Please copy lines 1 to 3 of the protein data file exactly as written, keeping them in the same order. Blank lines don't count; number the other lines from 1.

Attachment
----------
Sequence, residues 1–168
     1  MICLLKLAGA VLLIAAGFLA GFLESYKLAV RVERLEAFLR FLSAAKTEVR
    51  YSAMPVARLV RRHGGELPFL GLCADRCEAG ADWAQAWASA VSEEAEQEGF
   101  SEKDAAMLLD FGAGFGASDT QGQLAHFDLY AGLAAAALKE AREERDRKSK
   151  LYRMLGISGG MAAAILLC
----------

Sequence, residues 1–168
     1  MICLLKLAGA VLLIAAGFLA GFLESYKLAV RVERLEAFLR FLSAAKTEVR
    51  YSAMPVARLV RRHGGELPFL GLCADRCEAG ADWAQAWASA VSEEAEQEGF